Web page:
Volume 57, Issue 2
Julia E. Fay
This Note seeks to contribute to scholarship on the growing tension between secularism and religion in the United States by considering the claim, made by some commentators, that secular liberalism should be considered a religion for the purposes of the First Amendment. Part I explains the historical background of the First Amendment’s Religion Clauses and surveys what little jurisprudence there is from the U.S. Supreme Court and lower courts regarding secular liberalism’s potential status as a religion. Part II lays out the landscape of current scholarship on the status of secularism, secular liberalism, and adjacent nontheistic belief systems as religions, including: (1) arguments made by some conservative Christians who maintain that secular liberalism is a religion; (2) related but distinct arguments made by scholars who argue that non-theistic beliefs should be accorded respect equal to that granted religions under the First Amendment; and (3) arguments from scholars who believe religion should continue to be treated as “special” and separate from non-religious, secular belief systems. Part III argues that, even if secular liberalism could be defined as a religion, it should not be, for two reasons. First, the proposition that secular liberalism is a religion is conceptually incoherent because it conflates strong moral conviction with religious belief. Advocates of this position misconstrue passion as transcendent commitment and treat “religion” as a functionalist label. Second, if accepted as true, this proposition would be problematic for legal theory and for the Constitution. This Note argues that the answer to the question of whether secular liberalism is a religion implicates the legitimacy of our government, because without a neutral principle of governance a democracy cannot justify its use of force against its citizens.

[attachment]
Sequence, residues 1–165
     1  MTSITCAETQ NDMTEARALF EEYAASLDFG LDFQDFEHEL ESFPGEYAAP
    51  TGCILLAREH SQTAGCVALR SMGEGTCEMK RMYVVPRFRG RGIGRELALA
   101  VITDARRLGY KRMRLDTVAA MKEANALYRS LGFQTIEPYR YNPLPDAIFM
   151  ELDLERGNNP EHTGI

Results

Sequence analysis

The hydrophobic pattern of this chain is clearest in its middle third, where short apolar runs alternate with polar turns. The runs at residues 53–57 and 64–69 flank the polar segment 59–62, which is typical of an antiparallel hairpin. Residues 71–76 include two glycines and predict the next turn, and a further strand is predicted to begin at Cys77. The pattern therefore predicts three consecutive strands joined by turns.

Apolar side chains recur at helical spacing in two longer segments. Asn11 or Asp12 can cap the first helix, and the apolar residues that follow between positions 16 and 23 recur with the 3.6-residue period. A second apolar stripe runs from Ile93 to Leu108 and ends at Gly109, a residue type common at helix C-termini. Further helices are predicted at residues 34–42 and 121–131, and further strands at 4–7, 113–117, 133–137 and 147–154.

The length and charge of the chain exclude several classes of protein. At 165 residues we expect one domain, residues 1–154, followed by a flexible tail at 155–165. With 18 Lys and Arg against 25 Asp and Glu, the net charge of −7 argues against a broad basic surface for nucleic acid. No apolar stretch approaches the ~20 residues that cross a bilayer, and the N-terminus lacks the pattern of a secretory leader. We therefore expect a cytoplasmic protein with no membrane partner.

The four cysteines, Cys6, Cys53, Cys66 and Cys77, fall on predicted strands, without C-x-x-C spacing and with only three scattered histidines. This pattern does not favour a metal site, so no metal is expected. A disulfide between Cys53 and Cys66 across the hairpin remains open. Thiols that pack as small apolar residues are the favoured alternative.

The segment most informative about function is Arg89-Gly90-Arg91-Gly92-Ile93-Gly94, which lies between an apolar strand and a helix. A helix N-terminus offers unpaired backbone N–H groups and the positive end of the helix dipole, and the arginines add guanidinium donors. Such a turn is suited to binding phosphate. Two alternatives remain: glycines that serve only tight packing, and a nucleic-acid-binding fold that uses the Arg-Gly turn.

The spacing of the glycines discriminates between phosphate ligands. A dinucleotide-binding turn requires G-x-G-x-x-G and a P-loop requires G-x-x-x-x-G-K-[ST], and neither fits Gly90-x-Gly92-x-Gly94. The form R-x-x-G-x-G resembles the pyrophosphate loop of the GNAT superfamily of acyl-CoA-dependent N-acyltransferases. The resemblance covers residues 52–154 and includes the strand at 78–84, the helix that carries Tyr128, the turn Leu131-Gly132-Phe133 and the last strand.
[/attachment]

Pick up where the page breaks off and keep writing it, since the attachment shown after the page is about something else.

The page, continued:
Considering Competency: The Need for States’ Death with Dignity Statutes to Establish Competency Committees
Andrew J. Older
Nine states and the District of Columbia have statutes which legalize physician-assisted death (PAD), the process by which a “physician provid[es], at the patient’s request, a prescription for a lethal dose of medication that the patient can self-administer by ingestion, with the explicit intention of ending life.” In the United States, this practice is confined to patients suffering from terminal illnesses who are “mentally competent.” Despite some guidance on what the word “competent” means, however, the term has proved incredibly difficult to understand in practice.
This Note argues that states’ PAD laws should statutorily create medical committees which research and, from time to time, promulgate clinical criteria in order to guide physicians who choose to participate in PAD. Part I will trace PAD’s historical background in the United States; Part II will offer some insight into the current problem that a patient competency evaluation might entail; and Part III will outline how and why medical committees could help physicians administer aid in an environment rife with uncertainty. Although this Note takes no side in the moral debates over PAD, it recognizes that states either have PAD statutes on the books or are considering such statutes in the future. As such, this Note serves to suggest necessary safeguards for a burgeoning medical-legal landscape.
Roadblocks to Finding Home: Traditional Domicile Analysis’ Fundamental Unworkability for Military Families
Haley E. Talati